Paul speaks to the Athenians and says, “what you worship as unknown, this I proclaim to you.” Paul talks about God. He finds God even in that secular marketplace, at that unknown altar. Paul finds God present, already active, among the people. Don’t hear me say that God is not in the yoga studio. I know yogis who would say they have encountered God on the mat. Paul has no doubt, God is in Athens, God is always out there, ahead of the church. Paul does not have to bring God to the people. Paul’s work is to help them to name what God is doing, to talk about God.

And the stakes are high for Paul. The disciple is angry, angry because religion has been made mostly into a financial transaction: “God is not like gold, or silver, or a stone formed by the imagination of mortals.” Paul believes religion has been abused in Athens. He understands why people might have erected an altar to an “unknown God.” These people have a holy hunch. The gods they’ve been sold don’t merit worship. Let’s talk about the God you know is closer to you, the God who your poets claim as kin. Leave behind those transactional gods, Paul says.

In the Episcopal Church, many of us know a thing or two about abusive religion. When people ask me to describe our congregation I say: “well, maybe one third of us grew up Episcopalian.” This surprises some folks.

We Episcopalians aren’t very good about growing our own. We’re getting started on that around here, we’re going to be building up our children’s and family ministries, but historically, especially in the last 30 years, we haven’t been raising up our congregations. Only about a third of us grew up Episcopalian. Another third grew up Catholic. The final third grew up Evangelical or some other milder form of Protestant. Awhile ago our sign on Delmar said, “Refugees are welcome here.” We mean that in the literal sense, and in the figurative sense. I am glad our church is a refuge.

But being a refuge can mean it is hard to move beyond the trauma. Many of the folks who end up in Episcopal Church pews seem more sure about what they know God is NOT. If I asked you to turn to your neighbor and tell them one thing you are sure God is NOT, I bet most of you would have something to say. “God is NOT a white, bearded, man, in the sky,” many would say. “God is not a homophobe” would be popular. I’d agree with you. “God is NOT a Republican voter.” “God is NOT a Democrat” (I know there are a few of you who are sure God isn’t a Democrat. I agree with you as well.) “God is NOT an NRA member” others would say. We tend to be sure about how NOT to talk about God.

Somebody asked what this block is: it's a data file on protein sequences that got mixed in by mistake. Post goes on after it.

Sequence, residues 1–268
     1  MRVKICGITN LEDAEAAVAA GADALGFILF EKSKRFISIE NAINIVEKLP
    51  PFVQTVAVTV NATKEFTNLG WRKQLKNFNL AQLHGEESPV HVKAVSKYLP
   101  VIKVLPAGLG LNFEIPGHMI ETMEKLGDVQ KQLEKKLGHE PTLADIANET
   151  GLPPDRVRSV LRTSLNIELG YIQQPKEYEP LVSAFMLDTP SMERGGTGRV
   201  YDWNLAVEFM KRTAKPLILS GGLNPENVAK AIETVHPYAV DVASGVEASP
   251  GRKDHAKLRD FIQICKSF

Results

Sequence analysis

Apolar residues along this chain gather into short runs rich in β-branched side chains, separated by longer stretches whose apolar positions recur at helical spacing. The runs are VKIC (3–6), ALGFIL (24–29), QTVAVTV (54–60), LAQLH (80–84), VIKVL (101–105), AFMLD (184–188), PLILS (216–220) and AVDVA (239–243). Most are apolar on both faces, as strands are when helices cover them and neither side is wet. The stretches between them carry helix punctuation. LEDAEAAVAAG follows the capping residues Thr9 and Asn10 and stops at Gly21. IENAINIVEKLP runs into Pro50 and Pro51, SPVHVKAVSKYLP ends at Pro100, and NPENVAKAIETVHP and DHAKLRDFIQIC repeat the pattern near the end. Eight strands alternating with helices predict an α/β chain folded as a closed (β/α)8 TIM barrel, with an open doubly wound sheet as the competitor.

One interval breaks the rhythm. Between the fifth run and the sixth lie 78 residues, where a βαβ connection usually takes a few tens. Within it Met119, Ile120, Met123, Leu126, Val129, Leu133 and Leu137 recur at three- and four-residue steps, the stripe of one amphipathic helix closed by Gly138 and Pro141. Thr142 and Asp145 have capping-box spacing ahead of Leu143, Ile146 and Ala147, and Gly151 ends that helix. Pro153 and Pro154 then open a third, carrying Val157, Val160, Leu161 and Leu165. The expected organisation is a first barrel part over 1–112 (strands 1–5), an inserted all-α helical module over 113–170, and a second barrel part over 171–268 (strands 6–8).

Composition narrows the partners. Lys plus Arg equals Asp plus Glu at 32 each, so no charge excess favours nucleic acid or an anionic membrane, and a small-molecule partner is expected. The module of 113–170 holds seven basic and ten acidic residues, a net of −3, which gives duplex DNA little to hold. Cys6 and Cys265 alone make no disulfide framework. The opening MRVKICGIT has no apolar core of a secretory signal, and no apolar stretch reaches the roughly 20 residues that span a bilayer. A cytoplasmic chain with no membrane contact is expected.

But that brings me back to my initial question. We can talk negatively, about what God is not. How do we talk about God? How do you describe God? Positively? It’s a little more difficult.

When I was a little kid, I used to get nosebleeds, awful nosebleeds. Maybe it had something to do with growing up in Denver’s dry climate, but I’d wake up sometimes in the middle of the nights, my face, and pillowcase covered in blood. I remember one particular moment, one of the many nights, after my mother came and pulled me out of bed, and sat me on the counter in the kitchen, a cold washcloth pressed against my nose. That night I remember her looking at my scared tired eyes and saying: “We’re a team. You’re going to be okay.”

My mom was just trying to calm me down, but she spoke something deeply true that night. My mother’s love and care, and her words, taught me about God. As I grew up, and learned the stories of Jesus, heard the teachings of Jesus, my mother’s teaching stayed with me. When I read words like today’s Gospel, Jesus reassuring “I will not leave you orphaned.” When I encounter Paul’s description about the God, in whom we “Live and move and have our being,” I remember that sense of safety, that sense of love. I encountered God as the abiding presence, the One who is with me, when I am lonely, scared, tired, afraid. As well when I am elated, in love, encountering beauty beyond description, God is there, always.

I offer my own description as a humble example. I am curious to know How do you talk about God?

Up there, on Mars Hill, Paul had a sense that the Athenians were groping, looking, searching for God, a god unlike the false images they were being sold. I’ve seen God out there at concerts, in yoga studios, in protests. There is a marketplace outside our door where the god who is mostly loudly proclaimed by Christians is judgmental, and angry, and at war with our culture.

How will WE talk about God? Will speak words of God’s love to those who desperately need them? Will we speak of God’s justice in the courts that are judging so many unjustly? How will we talk about God?

One thought on “How do you talk about God?

  1. Tony Burgess says:

    I talk about God with people of like mind and faith. When it comes to talking about God with others who are more conservative I am reluctant because I don’t want to have to defend what I believe. Frankly there are some Christians who will troll you in face-to-face discussions because they are so sure they are right that they don’t see room for other thought or possibilities. I live in the south so it can be very difficult to have a simple talk about who God might be.